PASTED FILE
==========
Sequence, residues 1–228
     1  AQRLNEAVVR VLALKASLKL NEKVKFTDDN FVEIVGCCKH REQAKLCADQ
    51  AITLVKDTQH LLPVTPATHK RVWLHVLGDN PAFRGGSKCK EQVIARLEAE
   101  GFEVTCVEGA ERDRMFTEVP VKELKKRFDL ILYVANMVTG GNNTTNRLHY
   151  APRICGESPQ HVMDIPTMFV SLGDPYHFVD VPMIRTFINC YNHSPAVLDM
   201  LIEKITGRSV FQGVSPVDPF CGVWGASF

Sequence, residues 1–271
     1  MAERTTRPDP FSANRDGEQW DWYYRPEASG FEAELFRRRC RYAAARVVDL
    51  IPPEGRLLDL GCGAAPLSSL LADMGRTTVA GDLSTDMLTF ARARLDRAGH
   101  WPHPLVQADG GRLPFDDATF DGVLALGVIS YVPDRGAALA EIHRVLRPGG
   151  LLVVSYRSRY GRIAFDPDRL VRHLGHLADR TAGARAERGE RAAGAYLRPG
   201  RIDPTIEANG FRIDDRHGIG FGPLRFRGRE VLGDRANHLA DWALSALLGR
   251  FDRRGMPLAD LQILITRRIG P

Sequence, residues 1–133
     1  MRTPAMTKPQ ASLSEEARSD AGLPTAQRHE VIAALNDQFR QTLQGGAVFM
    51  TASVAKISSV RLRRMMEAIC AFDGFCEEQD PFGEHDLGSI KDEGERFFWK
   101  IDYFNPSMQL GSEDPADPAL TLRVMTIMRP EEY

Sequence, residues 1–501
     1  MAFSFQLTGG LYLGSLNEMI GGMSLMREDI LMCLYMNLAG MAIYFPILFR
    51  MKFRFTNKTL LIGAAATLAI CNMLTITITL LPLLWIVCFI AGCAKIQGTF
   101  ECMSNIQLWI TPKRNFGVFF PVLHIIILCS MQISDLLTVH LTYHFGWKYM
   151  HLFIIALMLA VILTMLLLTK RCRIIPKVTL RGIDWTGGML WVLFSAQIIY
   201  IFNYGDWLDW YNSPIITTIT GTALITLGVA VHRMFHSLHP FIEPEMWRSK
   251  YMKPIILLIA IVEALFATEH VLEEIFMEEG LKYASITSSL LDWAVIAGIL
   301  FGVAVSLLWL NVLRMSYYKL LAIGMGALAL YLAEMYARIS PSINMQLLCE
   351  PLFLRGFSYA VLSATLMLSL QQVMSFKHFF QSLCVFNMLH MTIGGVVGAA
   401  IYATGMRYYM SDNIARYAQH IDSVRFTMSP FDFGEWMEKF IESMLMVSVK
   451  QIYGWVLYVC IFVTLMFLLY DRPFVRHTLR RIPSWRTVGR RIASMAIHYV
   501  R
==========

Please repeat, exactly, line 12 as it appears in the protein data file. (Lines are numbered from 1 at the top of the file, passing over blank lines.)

   201  RIDPTIEANG FRIDDRHGIG FGPLRFRGRE VLGDRANHLA DWALSALLGR